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InsideOut client: Benge Ambrogi... beats the clock and crosses the finish at Paris-Brest-Paris 2023!

Caroline Kavanagh | August 30, 2023

Benge in the Lab for metabolic testing early March, after winter months of Base training. It’s fair to say that randonneuring is very much a niche sport. In August, Benge completed the Paris-Brest-Paris (PBP) 1,200-kilometer course challenge within the 90-hour limit. This marks his third time across this famed finish line. A true test of mettle!

The history, prestige, and challenge of PBP attracts riders from around the world, and the fact that it is only held every four years merely adds to the demanding contest. This year, over 7,000 qualified riders got their chance at completing this most historic of long-distance rides. WHAT IS THE PBP?

Billed as the longest, hardest test of endurance for both man and machine, Paris-Brest-Paris is the oldest cycling event in the world. PBP was held this year for just the 27th time since 1891. It is a self-supported ride from Paris, to Brest in Brittany, and back again. It is by most descriptions the oldest cycling event still in existence today, and the pinnacle of the audax and randonneuring calendar. THE ROUTE

Paris-Brest-Paris is a 1,200km ride from Paris, to Brest in Brittany on France’s Atlantic coast, and back to Paris. From the start in Rambouillet, a town 20km southeast of the city proper, the route heads west, into Île-de-France. Depending on their start wave, riders negotiate the first few kilometers of the ride in either the fading sun of the evening, or the first light of day the next morning.

Historically, the PBP route followed the main road from Paris to Brittany (now the N12), but now follows quieter roads running alongside it, through quaint Bretagne towns full of cheering spectators. The terrain is rolling, the roads often straight and seemingly endless with the perpetual threat of wind rolling in over the coast.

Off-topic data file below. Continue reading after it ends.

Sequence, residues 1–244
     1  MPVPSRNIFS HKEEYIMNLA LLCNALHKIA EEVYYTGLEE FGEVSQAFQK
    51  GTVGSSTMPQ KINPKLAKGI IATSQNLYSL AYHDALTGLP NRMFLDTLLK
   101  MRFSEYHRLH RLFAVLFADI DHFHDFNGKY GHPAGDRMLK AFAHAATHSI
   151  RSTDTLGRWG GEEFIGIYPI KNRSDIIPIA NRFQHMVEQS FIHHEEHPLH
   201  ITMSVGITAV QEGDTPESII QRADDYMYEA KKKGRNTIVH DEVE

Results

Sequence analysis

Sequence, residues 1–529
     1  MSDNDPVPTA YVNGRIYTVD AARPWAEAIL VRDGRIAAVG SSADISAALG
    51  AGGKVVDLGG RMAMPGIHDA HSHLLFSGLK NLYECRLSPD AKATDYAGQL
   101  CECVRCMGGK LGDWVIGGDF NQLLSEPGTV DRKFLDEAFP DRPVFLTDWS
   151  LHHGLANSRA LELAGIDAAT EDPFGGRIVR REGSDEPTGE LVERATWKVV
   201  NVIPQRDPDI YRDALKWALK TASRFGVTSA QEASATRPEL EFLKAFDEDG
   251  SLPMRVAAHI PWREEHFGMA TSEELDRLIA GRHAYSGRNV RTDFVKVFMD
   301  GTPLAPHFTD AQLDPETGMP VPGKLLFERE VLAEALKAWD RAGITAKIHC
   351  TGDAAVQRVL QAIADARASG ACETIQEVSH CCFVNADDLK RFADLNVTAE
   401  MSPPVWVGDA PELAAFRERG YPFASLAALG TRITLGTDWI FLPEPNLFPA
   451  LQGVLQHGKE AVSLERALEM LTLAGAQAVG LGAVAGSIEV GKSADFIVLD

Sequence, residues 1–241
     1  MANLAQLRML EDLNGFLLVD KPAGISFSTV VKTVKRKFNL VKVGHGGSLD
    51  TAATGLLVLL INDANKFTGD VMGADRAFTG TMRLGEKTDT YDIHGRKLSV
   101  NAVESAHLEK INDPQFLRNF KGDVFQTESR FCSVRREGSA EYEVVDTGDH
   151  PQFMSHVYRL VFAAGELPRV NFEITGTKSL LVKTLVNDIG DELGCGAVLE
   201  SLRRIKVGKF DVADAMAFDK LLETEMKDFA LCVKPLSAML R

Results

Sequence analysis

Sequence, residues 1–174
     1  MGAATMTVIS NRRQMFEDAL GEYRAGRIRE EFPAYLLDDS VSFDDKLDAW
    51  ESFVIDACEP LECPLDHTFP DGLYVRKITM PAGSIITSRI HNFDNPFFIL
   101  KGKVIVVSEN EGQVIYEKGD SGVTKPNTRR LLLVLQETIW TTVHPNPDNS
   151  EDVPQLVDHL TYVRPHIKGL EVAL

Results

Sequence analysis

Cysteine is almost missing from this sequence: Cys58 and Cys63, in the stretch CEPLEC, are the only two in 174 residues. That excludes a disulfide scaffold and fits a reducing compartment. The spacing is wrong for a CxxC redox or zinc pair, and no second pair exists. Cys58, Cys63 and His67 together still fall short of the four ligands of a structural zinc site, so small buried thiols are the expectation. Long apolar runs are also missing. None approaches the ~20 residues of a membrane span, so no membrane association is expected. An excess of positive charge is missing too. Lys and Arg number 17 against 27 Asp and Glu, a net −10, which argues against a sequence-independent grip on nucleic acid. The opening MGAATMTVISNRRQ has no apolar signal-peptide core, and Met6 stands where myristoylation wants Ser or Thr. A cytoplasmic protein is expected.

Riders must pass through a series of controls on the 600km outward leg to Brest, before an about turn sees them return along the same route back to Paris. Each of the controls must be ticked off again in reverse order, as well as two additional controls (Mortagne-au-Perche and Dreux) in the final stretch before the finish. Participants must complete the 762.3 mile course in under 90 hours (3.75 days). The quickest riders will finish in less than two days, while others will need the full time limit to complete.

QUALIFICATION PBP is gaining in popularity every year, and therefore a lengthy registration and entry process ensures only the most dedicated of entrants are on the start line. Riders who have completed official BRM (Brevets de RandonneursMondieux) events in the year preceding PBP are given priority. To qualify for PBP, all riders must complete a Super Randonneur series of BRMs (200, 300, 400, 600km) in 2023. The series does not need to be completed in order of ascending distance, nor in the same country, but you do need to do all of them.

BENGE'S 2023 RIDE This year's PBP ride for Benge was his most dominant to date, stating, "it was not nearly as much of a struggle as in 2015 and 2019 and never did I have a concern regarding covering the distance within the allotted time." There were some hiccups, as you would imagine, in an event of this magnitude. The most unsettling struck before he even rolled up to the start line in Paris. Unfortunately, en route to France he contracted and was battling a bad cold! Benge's ultimate goal for the ride was to complete it without major heroics or suffering. The less suffering the better in my book so I whole-heartily agree on this point. His plan had been crafted and he felt committed to execute. Even though "under-the-weather" and finishing was questionable, he resolved to proceed as planned. All of the training, qualifications, preparations and travel would not be squandered! All aspects of Benge's ride plan were covered – pace, rest, sleep and food, along with the wisdom and knowledge that the best made plans can, and mostly likely will, require alteration based on the obstacles that arise. His ability to pivot was certainly in his toolkit. Benge did in fact have to recalibrate a number of times when it was apparent that his strategy was inoperative.